Last night, walking back to my room (I stay in a seminary dorm three nights a week), I asked a gentleman I ran into who all the visitors on campus were. Board meeting. And so I asked a bit about him, and he asked about me and, upon discovering that I am in my last year, questioned me, "Is it tough?"
I looked at him in confusion. What does he mean? I wondered. Is what tough? School? How could school possibly be tough, in the context of living? School is . . . this week, anyway, something of a distraction. It's fine, I said. As he walked away it finally dawned on me that he wanted to hear that our program is a challenging one. Oh. How would I know? I do it, it works out . . . .
I have been working, off and on all day, on the mammoth outline I have been creating for my Church and Sacraments class. I love that class; the professor is brillant ~ quietly and modestly so ~ and his construction of the course is a work of art. As I sift through my notes, I notice the rather stark divide that emerged over the term in our discussion section. There are those who long for a church in which the lines are clearly drawn, in which authority is clear and tradition is immutable. There are those who long to fling open the doors and see barriers crumble. (And there are those who have remained silent.) I think that we all see the pros and cons of each viewpoint, but I think that we are also all settling into something of what will be our ministerial identity.
I worry a bit, about this C&S exam that I am preparing for. While I was out walking today, when I should have been reviewing some of the material in my mind, this is what I was thinking about instead:
I feel brain damaged. I feel as though my brain has suffered a major contusion that will not heal. If you took some kind of scan of my actual, physical brain, there would be a large and permanent dent in one side. I forget things: words, sequences, trains of thought, entire conversations. I forget pretty much everything I study or read within a matter of minutes. (It is rather astonishing that I remember my own opinions.) This past week-end a major conference concerning an issue I care about occurred practically on my doorstep, and I did not go to one single event, because I have to guard my energy so carefully. It has slowly seeped into my consciousness that a year from now I will no longer have the luxury of an academic respite; I need to decide something about what's next. But I can't think about that, because I have to think about now.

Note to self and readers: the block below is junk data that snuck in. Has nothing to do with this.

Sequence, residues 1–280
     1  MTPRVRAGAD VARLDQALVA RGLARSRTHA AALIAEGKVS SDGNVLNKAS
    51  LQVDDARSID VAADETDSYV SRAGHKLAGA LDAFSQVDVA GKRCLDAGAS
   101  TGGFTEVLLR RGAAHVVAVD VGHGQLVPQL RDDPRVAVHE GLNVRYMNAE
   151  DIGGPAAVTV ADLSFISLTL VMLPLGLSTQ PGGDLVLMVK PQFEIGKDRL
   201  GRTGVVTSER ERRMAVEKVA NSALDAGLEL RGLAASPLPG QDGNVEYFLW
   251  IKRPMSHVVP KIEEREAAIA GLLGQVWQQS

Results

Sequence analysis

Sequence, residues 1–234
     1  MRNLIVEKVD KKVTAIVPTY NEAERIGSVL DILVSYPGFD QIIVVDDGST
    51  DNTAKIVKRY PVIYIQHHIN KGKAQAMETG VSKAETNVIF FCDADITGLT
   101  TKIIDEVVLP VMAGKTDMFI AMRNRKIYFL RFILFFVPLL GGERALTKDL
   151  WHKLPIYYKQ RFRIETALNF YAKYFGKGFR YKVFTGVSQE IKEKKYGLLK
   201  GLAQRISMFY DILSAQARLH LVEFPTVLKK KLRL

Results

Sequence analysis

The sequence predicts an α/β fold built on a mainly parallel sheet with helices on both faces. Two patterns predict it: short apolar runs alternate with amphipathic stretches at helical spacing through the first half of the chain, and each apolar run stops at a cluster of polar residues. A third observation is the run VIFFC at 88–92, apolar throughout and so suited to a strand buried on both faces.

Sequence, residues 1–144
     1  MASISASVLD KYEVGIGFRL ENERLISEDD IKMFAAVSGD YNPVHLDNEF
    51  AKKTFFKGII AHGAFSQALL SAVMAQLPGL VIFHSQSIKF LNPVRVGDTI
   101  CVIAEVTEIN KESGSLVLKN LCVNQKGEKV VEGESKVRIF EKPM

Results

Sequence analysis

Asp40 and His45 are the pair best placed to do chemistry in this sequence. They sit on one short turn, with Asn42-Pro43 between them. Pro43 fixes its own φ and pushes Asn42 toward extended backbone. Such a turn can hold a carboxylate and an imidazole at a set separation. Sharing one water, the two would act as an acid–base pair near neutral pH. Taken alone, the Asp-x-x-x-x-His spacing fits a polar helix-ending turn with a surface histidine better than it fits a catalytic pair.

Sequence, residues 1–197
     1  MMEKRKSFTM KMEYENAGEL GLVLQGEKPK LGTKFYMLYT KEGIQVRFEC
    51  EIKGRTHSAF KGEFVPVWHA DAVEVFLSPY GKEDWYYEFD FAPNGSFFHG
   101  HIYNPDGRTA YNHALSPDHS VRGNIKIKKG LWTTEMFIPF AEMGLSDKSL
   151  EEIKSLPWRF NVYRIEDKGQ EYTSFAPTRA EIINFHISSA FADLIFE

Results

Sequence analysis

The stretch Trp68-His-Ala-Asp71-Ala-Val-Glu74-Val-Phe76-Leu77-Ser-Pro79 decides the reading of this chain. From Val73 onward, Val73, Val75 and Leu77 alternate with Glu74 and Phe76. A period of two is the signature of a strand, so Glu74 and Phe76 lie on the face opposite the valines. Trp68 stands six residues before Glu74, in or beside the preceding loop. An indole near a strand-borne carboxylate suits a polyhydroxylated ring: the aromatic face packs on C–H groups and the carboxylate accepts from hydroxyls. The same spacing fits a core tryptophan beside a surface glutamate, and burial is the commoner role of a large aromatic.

And yet, I have to acknowledge: it seems that with one side of my brain sadly dented, the other is unfolding a new space. If I remember (ha!) what little I know about brain development, I think it would be fair to say that this new space consists of very dense gray matter. It is jammed with what I have learned about suicide, about grief, about survival, about listening, about things that matter when none of the usual does anymore. It is packed with a kind of courage I had no idea existed. It is filled with the things that a very few people have had the grace and love to share with me, things which may be of use to others someday (much as I might wish that not be the case). And it has developed an astonishing capacity to promote silence in the context of encounters with unbelievably stupid statements aimed my way.
About a year ago, I made my first foray back into the work to which I have been called. I spent an hour each day for a week with a young lady making a retreat; she was participating in a college program and I was her spiritual director. Each day she spent a bit of time in contemplation, and then we talked together about her prayer and her life. I would get up about about 3:00 in the afternoon, shower and dress and drive to our meeting place, listen and talk to her, drive home, and crawl into bed, conpletely depleted and usually in tears.
A week or two ago, I found myself, over the course of a few days, in three major conversational and email exhanges about suicide and its survivors -- all in the course of my usual day. Other people in the computer lab are reading Facebook, working on papers, listening to music ~ and I am writing about suicide in between working on my own papers. A year ago, one such conversation would have sent me to bed for hours. Now ~ they are almost an expected part of my routine.
So. I don't know whether school is tough, and I don't have a clue as to whether I will remember what Calvin had to say about preaching or Bonhoeffer about community a week from now, when it will count toward a grade. But I do know a tiny bit about how to listen to someone who is groping for both words and connection, something I wish I had known more about fourteen months ago. I have done some learning that has been very tough indeed. Not much of it in class, though.